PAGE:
What is more valuable than your clients? Your current business—not to mention your future reputation—relies on whether they are satisfied with your services or quietly researching other options. So, if you are blindly guessing at what they need, what they appreciate, and what they can’t stand about your practice—why aren’t you asking them?
Why you should actively solicit client feedback
Client feedback has been called the “single most effective marketing strategy a law firm can implement”, and for good reason. Seeking out—and proactively responding to—client feedback offers numerous benefits, including:
- strengthening client relationships;
- developing new business opportunities and new ways to help clients;
- correcting any missteps that you have made before they cause irreparable damage;
- rewarding and encouraging high performers and outstanding efforts; and,
- focusing your energies on high-return initiatives (and scuttling projects that don’t matter to clients).
When you make time to tell your clients how much you value their business and demonstrate that value by asking them what you can do to improve, you almost guarantee that they will feel better about your services. Even better, client feedback sessions can naturally evolve into strategic discussions about the direction of your clients’ business, their short and long-term goals, and their legal and business needs. You may well be able to help them meet those goals—but only if you know about them.
As an aside: don’t shy away just because you might hear some negative feedback. Realistically you are unlikely to hear anything awful that you didn’t already know. If you do, isn’t it better to find out before you have entirely lost the client’s business, with no idea what you did wrong and no opportunity to improve?
How to ask clients for feedback
Client feedback programmes can span a spectrum of options in terms of formality, depth, complexity, and use of technology. If you haven’t been gathering any feedback, it’s probably wise to start with a pilot programme within a single practice area or client group. Use that pilot to explore different approaches to gathering feedback. Depending on the client and the depth of feedback you are interested in, you might try one of these approaches:
- add a single-question net promoter score (NPS) query in standard email communications (“On a scale of 0 to 10, how likely are you to recommend our practice?”);
- ask clients to complete a multi-question survey delivered online in hard copy,
- schedule post-engagement conversations to explore overall satisfaction and areas for improvement; and/or,
- conduct in-person strategic visits at the client’s office.
With each approach, evaluate a variety of choices to find the right intensity. For example, should the lawyer in charge of the account visit the client or should a managing partner? Which stakeholder should they meet with? What should they ask? When should they stick to the standard survey questions, and when can they go off-script? You can even get meta about it, asking clients how they feel about you soliciting feedback and your methods of doing so.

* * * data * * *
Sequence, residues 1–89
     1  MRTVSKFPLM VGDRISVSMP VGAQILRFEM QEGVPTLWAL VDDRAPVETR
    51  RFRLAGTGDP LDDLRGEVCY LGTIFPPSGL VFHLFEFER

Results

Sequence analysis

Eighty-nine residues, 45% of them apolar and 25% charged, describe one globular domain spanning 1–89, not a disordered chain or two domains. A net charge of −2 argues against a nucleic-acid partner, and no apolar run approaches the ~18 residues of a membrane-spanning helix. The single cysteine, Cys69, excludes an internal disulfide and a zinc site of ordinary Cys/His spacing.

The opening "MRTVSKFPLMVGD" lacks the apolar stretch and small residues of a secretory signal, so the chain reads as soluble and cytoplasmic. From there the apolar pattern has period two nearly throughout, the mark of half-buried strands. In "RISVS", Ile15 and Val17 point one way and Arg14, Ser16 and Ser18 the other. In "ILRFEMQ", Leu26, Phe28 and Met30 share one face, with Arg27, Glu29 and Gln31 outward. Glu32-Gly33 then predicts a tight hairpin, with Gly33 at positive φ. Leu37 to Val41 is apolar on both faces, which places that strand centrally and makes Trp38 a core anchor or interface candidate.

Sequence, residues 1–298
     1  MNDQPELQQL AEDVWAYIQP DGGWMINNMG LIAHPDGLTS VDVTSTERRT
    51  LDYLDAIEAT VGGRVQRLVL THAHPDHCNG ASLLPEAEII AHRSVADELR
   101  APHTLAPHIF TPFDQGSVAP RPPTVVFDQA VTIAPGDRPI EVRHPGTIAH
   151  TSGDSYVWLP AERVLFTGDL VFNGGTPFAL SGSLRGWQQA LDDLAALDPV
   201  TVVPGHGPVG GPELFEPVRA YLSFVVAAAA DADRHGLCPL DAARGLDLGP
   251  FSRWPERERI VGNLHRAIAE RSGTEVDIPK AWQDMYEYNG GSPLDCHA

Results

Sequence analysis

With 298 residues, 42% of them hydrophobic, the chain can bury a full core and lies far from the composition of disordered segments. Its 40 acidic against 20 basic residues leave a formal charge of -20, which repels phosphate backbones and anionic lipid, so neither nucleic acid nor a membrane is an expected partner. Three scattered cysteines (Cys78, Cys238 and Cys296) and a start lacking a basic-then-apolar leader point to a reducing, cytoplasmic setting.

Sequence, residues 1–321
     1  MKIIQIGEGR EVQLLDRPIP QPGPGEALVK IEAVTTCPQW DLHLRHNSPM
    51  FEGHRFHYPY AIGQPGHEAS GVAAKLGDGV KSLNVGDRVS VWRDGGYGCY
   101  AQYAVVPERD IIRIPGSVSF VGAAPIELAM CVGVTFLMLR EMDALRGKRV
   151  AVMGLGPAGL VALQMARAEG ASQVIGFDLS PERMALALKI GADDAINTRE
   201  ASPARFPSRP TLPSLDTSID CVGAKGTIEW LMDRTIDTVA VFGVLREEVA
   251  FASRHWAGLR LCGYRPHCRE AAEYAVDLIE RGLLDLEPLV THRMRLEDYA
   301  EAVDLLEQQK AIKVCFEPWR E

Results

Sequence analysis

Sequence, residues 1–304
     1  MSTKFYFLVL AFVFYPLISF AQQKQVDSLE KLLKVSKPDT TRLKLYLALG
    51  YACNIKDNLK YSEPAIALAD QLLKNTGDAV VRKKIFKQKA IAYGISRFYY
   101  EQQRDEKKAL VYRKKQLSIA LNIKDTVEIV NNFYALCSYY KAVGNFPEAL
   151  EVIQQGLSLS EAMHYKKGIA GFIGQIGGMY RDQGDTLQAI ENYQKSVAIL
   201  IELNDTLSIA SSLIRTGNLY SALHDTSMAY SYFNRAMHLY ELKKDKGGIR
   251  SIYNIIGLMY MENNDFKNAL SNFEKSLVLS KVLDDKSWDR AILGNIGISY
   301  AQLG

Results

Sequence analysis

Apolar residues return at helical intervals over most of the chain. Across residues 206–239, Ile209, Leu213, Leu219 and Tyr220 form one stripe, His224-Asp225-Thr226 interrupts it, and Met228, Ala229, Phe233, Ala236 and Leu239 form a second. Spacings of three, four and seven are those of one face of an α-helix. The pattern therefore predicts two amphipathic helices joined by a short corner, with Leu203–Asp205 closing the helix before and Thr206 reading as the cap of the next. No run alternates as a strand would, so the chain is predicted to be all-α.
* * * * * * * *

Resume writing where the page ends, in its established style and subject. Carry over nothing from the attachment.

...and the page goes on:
In-person feedback sessions are particularly valuable opportunities to gather information about how your practice can help clients with other needs. How can you make their life easier? What are they stuck on or struggling with? What is frustrating them in their daily work? They may be holding back about these ‘non-legal’ issues because they are not aware that you can help.
To all the lawyers in corporate legal departments, this advice applies to you as well. If you circulate around the different business units within your company asking these questions, you’re likely to find several areas where you can provide valuable service, which helps to justify the existence and the budget of the legal department.
What to do with client feedback
This may be obvious but be sure to listen closely to what your clients have to say. Ask additional questions if you need to clarify their concerns. Be prepared to implement their suggestions, either as stated or indirectly by making a broader change. This is especially important if a client has been honest enough to weather the awkwardness of telling you about an annoying or off-putting practice.
Create a proactive strategy for implementing any adjustments that you have identified from client feedback. If you have a valid reason to continue that practice, you can at least explain the rationale behind it. It is also to share the information within your team. When you receive positive feedback, celebrate those successes—perhaps in an anonymised form.
Finally, check back in with your clients periodically. Follow up regarding any opportunities you have discovered, with a proposal for how you could help them solve those challenges. Advise them about how you have implemented their suggestions or taken their words to heart. Ask whether they have thought of anything else or seen a change in your practice since you last spoke. Actively seeking out and using client feedback about your past performance is one of the fastest, most direct ways to improve your future service and overall client satisfaction.